Jul 062017
 

By Barb Arland-Fye
The Catholic Messenger

A social justice activist even as he approached death, Msgr. Marvin Mottet gave an earful of advice to Dan Ebener, Loxi Hopkins and other colleagues about moving forward with social justice in the Davenport Diocese.

“The last several times I visited with Marv we might have spent an hour-and-a-half talking about the things he wanted me to do to carry on his work,” said Ebener, an educator and diocesan leader. “The last thing he told me was, ‘Get to work.’” Hopkins, a volunteer in the diocese’s Social Action Office, said Msgr. Mottet “wanted ‘The Two Feet of Social Action’ to continue, and that we train young people to get involved.”

Logo design by Lindsay Steele

The Mottet Leadership Institute is the result of that mandate; a training institute to engage people of all ages, particularly young adults, in the work of social justice. The institute’s centerpiece is an eight-week course led by national trainers and spread out over eight months. The first session will be held in September at diocesan headquarters in Davenport. It is a project of Quad Cities Interfaith (QCI) in collaboration with the Diocese of Davenport, St. Ambrose University in Davenport and the NAACP.

Leslie Kilgannon, QCI’s executive director, said her organization believes the institute will provide terrific training for people who might not otherwise get the opportunity. Msgr. Mottet was a founding member of QCI committed to “engaging ordinary people to make changes around issues affecting their lives,” she noted.

Msgr. Mottet, who preferred to be called Father Mottet, died Sept. 16, 2016, at age 86, following a life dedicated to The Two Feet of Social Action. He believed that action on behalf of social justice was a necessary part of Christian life. Charity and justice are the two steps in his “two feet” approach. Training is essential to understand and carry out this approach, he believed.

In his own efforts to bring about change, he worked with Gamaliel Foundation of Chicago to provide faith-based leadership training for people from around the diocese and beyond. Gamaliel trains community and faith leaders to build political power and create organizations that unit people of diverse faith and races. The founder, Greg Galluzzo, is also a founding member of the Mottet Leadership Institute.

Ultimately, the institute reinforces the core values of Fr. Mottet: participation in the public square; social justice; solidarity; dignity of the human person; stewardship of God’s creation; and preferential option for the poor and oppressed.

People interested in becoming more involved in public life are the institute’s target audience. “They might be interested in local politics, or state, federal or international,” Ebener said. “It’s wherever they want to make an impact in public policy.” He gave as an example concern over a new fireworks law that is disrupting the quality of life for some Iowans. If someone wanted to change the law, “what can they do? How do they begin to impact change on something like that?” Ebener asked. The leadership institute provides the skill-building necessary to address such questions.

Institute participants can expect to be challenged and held accountable for carrying out the actions they plan during the training sessions, Ebener said. “We expect them to impact the public policies they’re most interested in, or to start building the relationships necessary to make an impact.”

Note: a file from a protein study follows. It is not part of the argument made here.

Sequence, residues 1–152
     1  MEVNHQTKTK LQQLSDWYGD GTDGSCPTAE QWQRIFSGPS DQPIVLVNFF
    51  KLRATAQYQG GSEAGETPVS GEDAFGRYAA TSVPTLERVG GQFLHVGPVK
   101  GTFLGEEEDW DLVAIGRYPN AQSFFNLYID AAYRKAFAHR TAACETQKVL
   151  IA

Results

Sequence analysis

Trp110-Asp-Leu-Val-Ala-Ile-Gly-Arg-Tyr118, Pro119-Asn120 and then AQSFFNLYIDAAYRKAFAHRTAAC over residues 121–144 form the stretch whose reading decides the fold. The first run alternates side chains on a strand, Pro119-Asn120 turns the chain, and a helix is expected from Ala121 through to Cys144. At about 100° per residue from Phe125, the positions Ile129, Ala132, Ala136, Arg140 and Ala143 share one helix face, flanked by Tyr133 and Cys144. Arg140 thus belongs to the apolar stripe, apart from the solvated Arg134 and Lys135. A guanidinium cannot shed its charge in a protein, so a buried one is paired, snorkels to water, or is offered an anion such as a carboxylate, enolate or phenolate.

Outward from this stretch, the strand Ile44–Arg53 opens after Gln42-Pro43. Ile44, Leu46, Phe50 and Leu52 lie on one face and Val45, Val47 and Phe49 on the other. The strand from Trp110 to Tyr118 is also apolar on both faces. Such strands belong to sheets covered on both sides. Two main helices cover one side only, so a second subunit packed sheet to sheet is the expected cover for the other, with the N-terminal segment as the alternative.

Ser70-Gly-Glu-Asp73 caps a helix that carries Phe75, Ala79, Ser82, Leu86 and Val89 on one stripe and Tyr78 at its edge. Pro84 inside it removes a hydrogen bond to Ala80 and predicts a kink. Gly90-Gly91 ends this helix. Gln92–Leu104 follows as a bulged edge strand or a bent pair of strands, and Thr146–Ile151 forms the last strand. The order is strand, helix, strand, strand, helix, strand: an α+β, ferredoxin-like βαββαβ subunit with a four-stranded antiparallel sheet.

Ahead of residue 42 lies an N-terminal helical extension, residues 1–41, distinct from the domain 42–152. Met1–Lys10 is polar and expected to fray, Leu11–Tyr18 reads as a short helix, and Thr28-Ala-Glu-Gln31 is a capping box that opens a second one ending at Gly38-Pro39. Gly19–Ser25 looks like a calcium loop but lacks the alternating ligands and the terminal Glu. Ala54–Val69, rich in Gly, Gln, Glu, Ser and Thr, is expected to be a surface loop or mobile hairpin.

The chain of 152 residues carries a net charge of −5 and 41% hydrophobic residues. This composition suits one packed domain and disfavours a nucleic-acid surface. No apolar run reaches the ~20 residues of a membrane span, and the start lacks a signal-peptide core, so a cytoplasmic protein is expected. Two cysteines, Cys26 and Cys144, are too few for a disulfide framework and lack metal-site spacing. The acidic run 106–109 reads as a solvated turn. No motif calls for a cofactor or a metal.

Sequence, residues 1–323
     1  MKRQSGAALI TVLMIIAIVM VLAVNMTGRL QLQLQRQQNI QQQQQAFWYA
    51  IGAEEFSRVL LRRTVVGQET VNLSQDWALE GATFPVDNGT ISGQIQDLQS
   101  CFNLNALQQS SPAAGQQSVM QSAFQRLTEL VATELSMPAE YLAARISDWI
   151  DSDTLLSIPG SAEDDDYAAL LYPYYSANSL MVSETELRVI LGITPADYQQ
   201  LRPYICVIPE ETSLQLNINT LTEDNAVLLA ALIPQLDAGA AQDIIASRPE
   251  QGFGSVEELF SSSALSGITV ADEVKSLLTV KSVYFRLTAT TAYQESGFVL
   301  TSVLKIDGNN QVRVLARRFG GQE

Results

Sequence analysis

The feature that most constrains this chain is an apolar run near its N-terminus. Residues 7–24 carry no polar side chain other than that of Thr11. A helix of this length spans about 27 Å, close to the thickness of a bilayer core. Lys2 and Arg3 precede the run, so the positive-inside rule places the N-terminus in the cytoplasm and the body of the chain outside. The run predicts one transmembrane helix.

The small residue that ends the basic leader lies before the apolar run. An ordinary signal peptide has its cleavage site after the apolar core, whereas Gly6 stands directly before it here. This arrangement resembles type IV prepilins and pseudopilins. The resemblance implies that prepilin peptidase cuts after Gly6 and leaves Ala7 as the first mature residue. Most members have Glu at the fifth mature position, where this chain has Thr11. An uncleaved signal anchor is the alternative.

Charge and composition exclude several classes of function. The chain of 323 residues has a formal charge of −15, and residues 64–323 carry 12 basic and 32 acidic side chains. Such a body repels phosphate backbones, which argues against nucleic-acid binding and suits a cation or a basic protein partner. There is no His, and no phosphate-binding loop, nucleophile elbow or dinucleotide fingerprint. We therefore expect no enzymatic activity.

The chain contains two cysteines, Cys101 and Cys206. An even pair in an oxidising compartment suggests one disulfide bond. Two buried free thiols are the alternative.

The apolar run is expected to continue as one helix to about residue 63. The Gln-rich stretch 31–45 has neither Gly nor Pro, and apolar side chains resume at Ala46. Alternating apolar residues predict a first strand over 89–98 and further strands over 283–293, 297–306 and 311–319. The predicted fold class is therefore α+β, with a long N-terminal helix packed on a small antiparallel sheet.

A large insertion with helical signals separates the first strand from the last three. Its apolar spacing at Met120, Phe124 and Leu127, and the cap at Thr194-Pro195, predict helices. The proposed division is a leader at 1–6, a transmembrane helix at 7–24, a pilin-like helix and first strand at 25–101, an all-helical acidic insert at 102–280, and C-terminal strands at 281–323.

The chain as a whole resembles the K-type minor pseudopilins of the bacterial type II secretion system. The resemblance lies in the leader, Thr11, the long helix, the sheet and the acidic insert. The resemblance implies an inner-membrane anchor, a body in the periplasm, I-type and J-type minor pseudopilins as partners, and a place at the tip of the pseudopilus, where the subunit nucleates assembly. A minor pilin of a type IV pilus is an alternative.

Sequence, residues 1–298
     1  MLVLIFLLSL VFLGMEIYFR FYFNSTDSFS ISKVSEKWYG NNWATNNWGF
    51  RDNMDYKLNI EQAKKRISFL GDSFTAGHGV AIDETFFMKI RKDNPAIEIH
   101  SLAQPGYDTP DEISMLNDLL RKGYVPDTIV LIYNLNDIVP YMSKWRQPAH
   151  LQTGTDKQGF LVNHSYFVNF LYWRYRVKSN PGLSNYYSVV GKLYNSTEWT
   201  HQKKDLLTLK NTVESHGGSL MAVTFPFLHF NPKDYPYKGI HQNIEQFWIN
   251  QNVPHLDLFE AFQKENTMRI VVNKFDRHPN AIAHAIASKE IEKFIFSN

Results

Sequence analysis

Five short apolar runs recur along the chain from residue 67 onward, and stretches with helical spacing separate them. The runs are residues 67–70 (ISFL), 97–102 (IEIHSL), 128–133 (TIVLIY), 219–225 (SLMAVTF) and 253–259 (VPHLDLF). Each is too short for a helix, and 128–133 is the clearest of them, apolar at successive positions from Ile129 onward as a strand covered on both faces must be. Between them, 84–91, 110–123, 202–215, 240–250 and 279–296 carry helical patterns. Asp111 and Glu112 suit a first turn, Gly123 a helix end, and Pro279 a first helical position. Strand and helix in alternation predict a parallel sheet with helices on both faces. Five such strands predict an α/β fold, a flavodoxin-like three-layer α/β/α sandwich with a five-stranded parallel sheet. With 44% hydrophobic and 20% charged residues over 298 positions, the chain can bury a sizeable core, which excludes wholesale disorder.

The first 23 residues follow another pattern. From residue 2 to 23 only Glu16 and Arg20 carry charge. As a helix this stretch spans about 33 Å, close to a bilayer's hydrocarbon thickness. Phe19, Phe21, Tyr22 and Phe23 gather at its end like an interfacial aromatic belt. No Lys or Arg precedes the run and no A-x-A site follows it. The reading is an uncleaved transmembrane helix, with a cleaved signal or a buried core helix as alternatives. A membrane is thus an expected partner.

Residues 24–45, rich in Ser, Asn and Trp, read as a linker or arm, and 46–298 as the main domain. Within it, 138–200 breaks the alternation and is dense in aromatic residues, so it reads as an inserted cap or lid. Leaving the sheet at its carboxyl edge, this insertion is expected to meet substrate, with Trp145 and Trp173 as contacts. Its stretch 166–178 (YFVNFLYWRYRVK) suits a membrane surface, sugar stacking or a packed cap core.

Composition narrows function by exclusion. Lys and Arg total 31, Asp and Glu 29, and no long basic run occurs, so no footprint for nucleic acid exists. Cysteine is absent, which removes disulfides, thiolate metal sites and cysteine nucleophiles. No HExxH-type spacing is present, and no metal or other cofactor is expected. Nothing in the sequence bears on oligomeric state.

Mentors will be available to help participants with their “home work.” Hopkins describes institute training as a “life-changing experience. You have to look deep within yourself and ask where you are and what you want your life to be.” The training offers benefits beyond community advocacy. “It helps you with relationship building, and how you deal with jobs, managers, and people in general,” Hopkins said. She hopes participants come out of the Mottet Leadership Institute “feeling that they want to be part of something bigger.”

The Mottet Leadership Institute is about “creating a new generation of leaders for social change,” Ebener said. “We’re making a special effort to recruit younger people, but also people from lower-income neighborhoods. We’re building capacity for people who generally don’t have a voice in public policy.”

Training for the Mottet Leadership Institute
What: The Mottet Leadership Institute, an eight-week training program.
Where: Diocese of Davenport headquarters, 780 W. Central Park Ave., Davenport.
Time commitment: 10 a.m. to 4 p.m. on eight Saturdays.
Week one: Sept. 23 – Public life, power, values and self-interest.
Week two: Oct. 28 – Public relationships, one-on-ones, building a public life.
Week three: Nov. 18 – Qualities of a leader, building a team, power analysis.
Week four: Dec. 16 – Cutting issues, doing actions, how to enter the public arena.
Week five: Jan. 2018 – How to run and organize a meeting, power one-on-ones.
Week six: Feb. 2018 – Media and social media as part of a change campaign.
Week seven: March 2018 – Organized money and people.
Week eight: April 2018 – Pathway to power.
Cost: $400 per participant. No one will be turned away due to lack of funding. Funds are being raised to create a scholarship fund. “If participants can’t pay $400, we’ll ask them to raise the money from their church or a civic organization or ask to be considered for a scholarship,” said Dan Ebener a founding member of the institute.
Other details: All sessions will be taught by the Gamaliel Foundation. St. Ambrose University in Davenport will issue a certificate to all institute graduates. A mentor will be assigned to any participant who is interested.
To register, contact Loxi Hopkins at Mottetinstitute@gmail.com or call her at (563) 940-2580.

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